March 24, 2023

In Front of Parliament: Georgia’s March Protests

Salomé Jashi

Still from drone video of the March protests, Tbilisi.

“We don’t follow the flow, we are the flow” read large letters on one of the hand-drawn posters. Thousands had come together on the central avenue in Tbilisi, in front of Parliament, to protest what had become the Georgian government’s manifestly anti-European, pro-Russian turn.

In early March Georgia’s Parliament initiated and approved with the first hearing the draft of a new “Law on Transparency of Foreign Influence.”1 The draft law was short and simple. It said that any nongovernmental organization or media outlet was obliged to register as an “agent of foreign influence” if 20 percent or more of its funding came from outside the country.

To give a bit of background: With a high poverty rate in Georgia and the government failing to provide sufficient services to the public in the context of a fragile democracy, European and US institutions are the main, and often the sole, source of funding for civil organizations to implement their projects and ideas. The work of these organizations spans multiple fields: human rights; education; supporting and empowering women, LGBTQ+, disabled, and other underrepresented communities; independent media, arts, and culture; programs for agriculture and medicine; and more. Indeed, almost any initiative that brings positive change or bolsters self-expression is supported by an EU or US fund, be it private or public.

The draft law would suddenly label a substantial portion of Georgia’s population, who are beneficiaries of such funds, as agents of foreign influence. Following the government’s rhetoric, these would be agents who represent and disseminate ideas and values that come from a foreign country, who force non-patriotic values upon the population, who perform “LGBT propaganda,” and who undermine the authority of the Orthodox Church.2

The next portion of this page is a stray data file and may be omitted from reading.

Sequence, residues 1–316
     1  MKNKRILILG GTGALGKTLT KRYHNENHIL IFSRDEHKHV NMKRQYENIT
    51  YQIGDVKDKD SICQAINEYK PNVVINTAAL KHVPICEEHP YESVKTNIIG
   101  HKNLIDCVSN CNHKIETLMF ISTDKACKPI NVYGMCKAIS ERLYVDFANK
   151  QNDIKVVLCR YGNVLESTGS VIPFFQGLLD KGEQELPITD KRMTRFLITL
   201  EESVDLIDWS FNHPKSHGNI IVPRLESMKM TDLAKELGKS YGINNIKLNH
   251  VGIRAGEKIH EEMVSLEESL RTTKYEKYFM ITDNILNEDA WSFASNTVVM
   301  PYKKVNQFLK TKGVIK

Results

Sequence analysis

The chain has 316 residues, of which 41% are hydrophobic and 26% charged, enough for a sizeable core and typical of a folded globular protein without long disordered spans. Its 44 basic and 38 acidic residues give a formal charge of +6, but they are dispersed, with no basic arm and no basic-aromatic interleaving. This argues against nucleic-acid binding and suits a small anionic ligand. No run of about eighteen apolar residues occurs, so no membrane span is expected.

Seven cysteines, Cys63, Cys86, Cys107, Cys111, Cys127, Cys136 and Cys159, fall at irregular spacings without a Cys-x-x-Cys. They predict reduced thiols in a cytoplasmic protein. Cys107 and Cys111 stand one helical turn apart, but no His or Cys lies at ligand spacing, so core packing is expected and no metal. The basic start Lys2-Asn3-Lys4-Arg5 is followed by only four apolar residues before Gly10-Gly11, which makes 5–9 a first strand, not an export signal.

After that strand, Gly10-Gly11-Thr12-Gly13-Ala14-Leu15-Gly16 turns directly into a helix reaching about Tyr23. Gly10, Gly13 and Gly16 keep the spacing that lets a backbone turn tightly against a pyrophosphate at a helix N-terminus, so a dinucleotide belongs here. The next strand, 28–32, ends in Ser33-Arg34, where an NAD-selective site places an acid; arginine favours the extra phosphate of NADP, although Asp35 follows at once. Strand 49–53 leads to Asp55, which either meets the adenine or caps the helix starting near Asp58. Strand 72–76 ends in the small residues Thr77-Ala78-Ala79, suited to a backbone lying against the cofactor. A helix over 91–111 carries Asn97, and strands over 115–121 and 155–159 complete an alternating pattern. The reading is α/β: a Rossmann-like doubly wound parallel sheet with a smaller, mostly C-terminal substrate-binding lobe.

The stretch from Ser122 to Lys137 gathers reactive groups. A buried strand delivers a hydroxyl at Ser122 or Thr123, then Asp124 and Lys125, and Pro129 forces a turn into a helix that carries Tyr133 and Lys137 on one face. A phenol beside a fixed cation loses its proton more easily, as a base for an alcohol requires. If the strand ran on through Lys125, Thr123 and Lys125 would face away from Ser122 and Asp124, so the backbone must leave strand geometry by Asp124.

During the past decade, apathy and indifference took us over. There was a flow, a slow current that we were all quietly drowning in. The country is ruled by non-present but omnipresent oligarch Bidzina Ivanishvili. After serving as prime minister for a year in 2013, today he holds no official position but is still in charge. We never see him anymore. Once in a rare while he publishes open letters. His power lies in “envelopes of cash,” both metaphorically and literally. The almost all-male political party absurdly called Georgian Dream is an extension of Ivanishvili and holds an absolute majority in Parliament. The current prime minister was once the head of his investment fund; the minister of interior affairs is his former bodyguard; a recent minister of health was said to have been his personal dentist. You get the picture. Another detail: Ivanishvili made his fortune in Russia.

Apathy and indifference took us over. The energy was gone. Nihilism flourished. The media was split in two: a pro-government outlet that featured only government officials or people affiliated with the government, and an independent or pro-opposition media that officials refused to talk to. There was no common space, no dialogue. The government easily marginalized anything critical, labelling it as “anti-Georgian.” We laughed about them, because they seemed so comical, like little men trying to play bigshots, in those suits, making ridiculously stupid statements. We laughed until it hurt. We’d protest in the street, get hit by batons, disperse, the smoke billowing, the energy gone. There are so few of us now.